By Sarah Lewis, C.Psychol., Appreciating Change
Many of us have had to adapt to remote working and while some find this relatively easy it has proved challenging for many.
Whether we are business owners, supervisors or team member who can we help ourselves and our colleagues make remote working a successful experience? Successful for individuals as well as for the business overall?
Let’s review three psychological challenges of remote working and suggestions to help you overcome them.
Firstly: Lack of boundaries between work-life and home-life
For people new to working from home one of the challenges can be the sudden dissolutions of role boundaries. One moment the division between work and home is clear, the next it’s all happening in the same place.
For the first time for many people, the domains of at-work and not-at-work are happening in the same physical space without a transition zone (commute) between them. While trying to be ‘at work’, people are surrounded by cues that nudge towards not being at work: doorbells, hungry cats, laundry waiting to be hung etc. It’s easy to feel that you are neither working as conscientiously as you would like, nor are you keep your home as you like it.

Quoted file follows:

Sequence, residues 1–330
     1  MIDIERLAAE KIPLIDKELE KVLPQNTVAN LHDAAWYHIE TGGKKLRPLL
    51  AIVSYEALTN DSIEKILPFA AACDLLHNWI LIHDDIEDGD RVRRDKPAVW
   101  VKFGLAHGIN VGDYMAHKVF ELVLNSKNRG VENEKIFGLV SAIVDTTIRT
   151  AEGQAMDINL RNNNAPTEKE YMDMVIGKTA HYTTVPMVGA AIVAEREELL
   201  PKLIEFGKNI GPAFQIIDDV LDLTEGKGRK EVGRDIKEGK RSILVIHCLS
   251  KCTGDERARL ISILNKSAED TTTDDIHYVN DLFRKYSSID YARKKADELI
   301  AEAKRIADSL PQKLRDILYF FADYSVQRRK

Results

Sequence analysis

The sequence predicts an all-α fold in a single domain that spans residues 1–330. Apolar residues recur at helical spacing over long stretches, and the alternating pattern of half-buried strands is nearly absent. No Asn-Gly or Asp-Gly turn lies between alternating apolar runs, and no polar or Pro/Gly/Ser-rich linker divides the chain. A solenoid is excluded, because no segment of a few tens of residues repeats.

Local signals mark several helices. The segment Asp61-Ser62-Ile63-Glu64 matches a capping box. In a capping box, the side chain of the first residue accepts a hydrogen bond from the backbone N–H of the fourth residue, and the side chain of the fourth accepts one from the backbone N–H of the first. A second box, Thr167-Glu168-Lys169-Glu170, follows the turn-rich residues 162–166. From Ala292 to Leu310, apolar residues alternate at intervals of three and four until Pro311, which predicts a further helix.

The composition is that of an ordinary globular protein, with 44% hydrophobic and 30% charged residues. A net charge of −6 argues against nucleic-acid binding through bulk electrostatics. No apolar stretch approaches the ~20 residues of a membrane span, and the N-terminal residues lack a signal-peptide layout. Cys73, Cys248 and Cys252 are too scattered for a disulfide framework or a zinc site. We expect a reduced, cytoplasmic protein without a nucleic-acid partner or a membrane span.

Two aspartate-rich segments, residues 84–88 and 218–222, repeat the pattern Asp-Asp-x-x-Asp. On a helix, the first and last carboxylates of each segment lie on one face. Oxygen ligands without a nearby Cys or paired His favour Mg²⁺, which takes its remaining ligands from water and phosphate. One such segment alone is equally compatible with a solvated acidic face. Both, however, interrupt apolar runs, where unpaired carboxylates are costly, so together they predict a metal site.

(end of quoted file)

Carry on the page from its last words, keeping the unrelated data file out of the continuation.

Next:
Dealing with this
There are different ways of dealing with this. You can pretend there is still a boundary: put on the suit, enter the office with your lunchbox, and emerge when you’ve ‘finished work’. For a minority the structure and routine are essential.
A better strategy for most of us is to go for balance rather than boundaries. Take a break from your computer every 40 minutes or so. This is both on mental effectiveness grounds, it’s hard to concentrate fully for much longer, and on physical health grounds, it’s not good to stay sitting still for long stretches. Take breaks and do something active for 10 minutes, such as watering the plants or playing with the dog.